Back in 1998, I bought a non-running, rusty and very tired black over blue 1984 example for $300. I had every intention of “restoring” it to back good condition, but I was 21 and a poor college student and it was 14. But it wasn’t the age (or the mileage, Indiana), it was how it had been treated in that 14 years. After all, my current Passat is 17 years old and while it’s not perfect, it’s pretty damn nice. Heck, my M3 is 16 years old and basically looks and drives new. No, age was much harder on the cars of the early 1980s; plastics weren’t as durable as they are now, nor was paint. Metal was more rust prone and the electronics were no where near as reliable even though there were so far fewer in the car. To back my GTi up, you could simply look through the crease in the bodywork between the taillights and the rear floor where there was no longer metal. Every single bushing was gone, and what was left vibrated like an unattended paint shaker at Home Depot set to high. The paint was ruined – the car had clearly been hit at some point, so the passenger door and fender were a different shade of black than the rest of the car, which could more be described as dark gray spread very thinly over light gray primer. One time it started itself, which was a bit scary. Another time, it refused to start because the starter had removed itself from the transmission, but only enough to jam the gear into the flywheel. Then one fateful night one a ride home from a late shift at work, the fuse box lit on fire, consuming the functionality of all electrics save the high beams. I had sunk a few thousand dollars into keeping that car running and improving it over the year and a half I drove it. Ultimately I sold it for parts – for $300.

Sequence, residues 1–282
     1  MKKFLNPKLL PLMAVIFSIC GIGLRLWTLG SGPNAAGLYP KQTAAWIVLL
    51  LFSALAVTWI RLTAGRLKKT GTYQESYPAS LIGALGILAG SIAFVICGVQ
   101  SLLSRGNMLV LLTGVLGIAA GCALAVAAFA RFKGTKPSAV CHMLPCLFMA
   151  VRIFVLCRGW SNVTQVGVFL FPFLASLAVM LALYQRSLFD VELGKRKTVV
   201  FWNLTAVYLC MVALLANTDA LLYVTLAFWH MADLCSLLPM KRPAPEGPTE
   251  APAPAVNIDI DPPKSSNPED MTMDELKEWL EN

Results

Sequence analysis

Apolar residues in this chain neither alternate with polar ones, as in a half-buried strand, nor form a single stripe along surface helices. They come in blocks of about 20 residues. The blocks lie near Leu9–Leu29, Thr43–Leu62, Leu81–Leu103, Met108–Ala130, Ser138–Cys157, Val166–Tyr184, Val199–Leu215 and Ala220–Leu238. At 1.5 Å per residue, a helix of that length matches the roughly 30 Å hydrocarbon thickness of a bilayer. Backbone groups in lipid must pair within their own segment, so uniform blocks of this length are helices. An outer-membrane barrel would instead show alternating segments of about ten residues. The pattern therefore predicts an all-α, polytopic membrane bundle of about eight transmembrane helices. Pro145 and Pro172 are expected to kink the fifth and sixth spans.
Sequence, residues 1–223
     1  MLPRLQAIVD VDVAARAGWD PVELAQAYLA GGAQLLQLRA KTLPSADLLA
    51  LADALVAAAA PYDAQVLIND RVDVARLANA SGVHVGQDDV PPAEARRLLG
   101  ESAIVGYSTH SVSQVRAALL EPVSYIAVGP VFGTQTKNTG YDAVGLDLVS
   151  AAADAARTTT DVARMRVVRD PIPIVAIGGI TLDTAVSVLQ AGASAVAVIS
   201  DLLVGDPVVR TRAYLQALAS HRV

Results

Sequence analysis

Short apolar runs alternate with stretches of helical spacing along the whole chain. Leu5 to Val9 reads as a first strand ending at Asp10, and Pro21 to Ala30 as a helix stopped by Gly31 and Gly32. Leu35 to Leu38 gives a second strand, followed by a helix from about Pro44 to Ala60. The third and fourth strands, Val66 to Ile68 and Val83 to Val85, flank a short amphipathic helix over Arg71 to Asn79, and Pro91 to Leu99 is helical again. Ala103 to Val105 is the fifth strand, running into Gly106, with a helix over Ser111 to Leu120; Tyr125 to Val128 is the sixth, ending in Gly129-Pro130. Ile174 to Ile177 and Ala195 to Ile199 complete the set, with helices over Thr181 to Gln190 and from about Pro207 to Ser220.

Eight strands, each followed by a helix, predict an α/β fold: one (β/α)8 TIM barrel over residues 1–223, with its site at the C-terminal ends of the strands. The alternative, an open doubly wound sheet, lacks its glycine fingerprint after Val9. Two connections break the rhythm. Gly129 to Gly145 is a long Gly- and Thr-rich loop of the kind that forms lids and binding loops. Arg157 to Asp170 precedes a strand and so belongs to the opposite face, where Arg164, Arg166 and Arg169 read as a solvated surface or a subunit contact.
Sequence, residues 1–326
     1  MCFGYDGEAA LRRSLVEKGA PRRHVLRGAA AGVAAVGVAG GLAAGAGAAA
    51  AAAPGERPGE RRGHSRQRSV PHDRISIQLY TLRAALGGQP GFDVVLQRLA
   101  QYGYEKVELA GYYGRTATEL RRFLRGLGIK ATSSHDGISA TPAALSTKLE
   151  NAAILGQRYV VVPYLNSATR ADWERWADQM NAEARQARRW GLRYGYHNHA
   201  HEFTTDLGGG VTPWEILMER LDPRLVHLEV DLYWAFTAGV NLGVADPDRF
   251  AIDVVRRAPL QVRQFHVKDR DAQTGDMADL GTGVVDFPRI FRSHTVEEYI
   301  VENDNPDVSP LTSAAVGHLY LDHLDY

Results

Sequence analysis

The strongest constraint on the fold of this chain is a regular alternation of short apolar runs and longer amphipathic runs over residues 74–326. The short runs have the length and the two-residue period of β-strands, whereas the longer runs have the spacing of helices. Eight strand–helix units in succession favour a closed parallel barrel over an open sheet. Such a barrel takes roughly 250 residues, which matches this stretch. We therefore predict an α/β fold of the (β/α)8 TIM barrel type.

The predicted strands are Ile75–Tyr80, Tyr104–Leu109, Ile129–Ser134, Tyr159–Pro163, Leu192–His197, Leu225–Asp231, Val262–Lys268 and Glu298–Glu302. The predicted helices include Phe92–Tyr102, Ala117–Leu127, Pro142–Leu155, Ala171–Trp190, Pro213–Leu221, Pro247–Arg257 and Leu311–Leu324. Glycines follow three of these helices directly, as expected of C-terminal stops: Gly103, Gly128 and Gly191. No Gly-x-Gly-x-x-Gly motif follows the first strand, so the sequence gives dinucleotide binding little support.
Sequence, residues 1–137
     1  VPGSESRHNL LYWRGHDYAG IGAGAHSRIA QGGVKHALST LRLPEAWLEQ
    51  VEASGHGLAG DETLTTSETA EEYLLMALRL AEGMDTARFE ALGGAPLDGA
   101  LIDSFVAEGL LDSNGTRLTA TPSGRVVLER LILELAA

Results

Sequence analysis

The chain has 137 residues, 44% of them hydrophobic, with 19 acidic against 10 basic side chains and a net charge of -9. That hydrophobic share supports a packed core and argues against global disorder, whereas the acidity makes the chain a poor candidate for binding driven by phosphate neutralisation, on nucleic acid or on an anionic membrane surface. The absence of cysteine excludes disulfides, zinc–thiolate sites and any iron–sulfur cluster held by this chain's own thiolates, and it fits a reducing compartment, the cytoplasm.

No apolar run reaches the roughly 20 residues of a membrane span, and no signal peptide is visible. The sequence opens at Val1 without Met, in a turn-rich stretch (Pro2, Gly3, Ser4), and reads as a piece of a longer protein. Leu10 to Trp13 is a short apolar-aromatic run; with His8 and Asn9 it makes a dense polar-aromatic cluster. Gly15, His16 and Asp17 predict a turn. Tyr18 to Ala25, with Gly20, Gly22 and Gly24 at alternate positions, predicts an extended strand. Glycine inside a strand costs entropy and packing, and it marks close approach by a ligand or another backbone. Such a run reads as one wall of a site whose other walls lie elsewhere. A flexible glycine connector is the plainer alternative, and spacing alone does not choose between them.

I won’t over romanticize my life with a GTI. I was not sad to see it go. I don’t wish I had it back – in fact, it may be the only car I owned that I never long to sit in again. Indeed, I even have more connection to a few parts cars that I bought but never drove. But, I will say that it did provide me with some entertaining stories. And when it ran right (there were at least two times), it was really a joy to be behind the wheel. There were glimpses of its former glory; you could get in, start it up and immediately be driving at 11/10ths everywhere you went. 40 m.p.h. has only felt near as exhilarating on my bicycle. And the shape was beautiful in such a strange, boxy way. I certainly wouldn’t mind owning a GTI (again), and every time I see one pop up I take notice: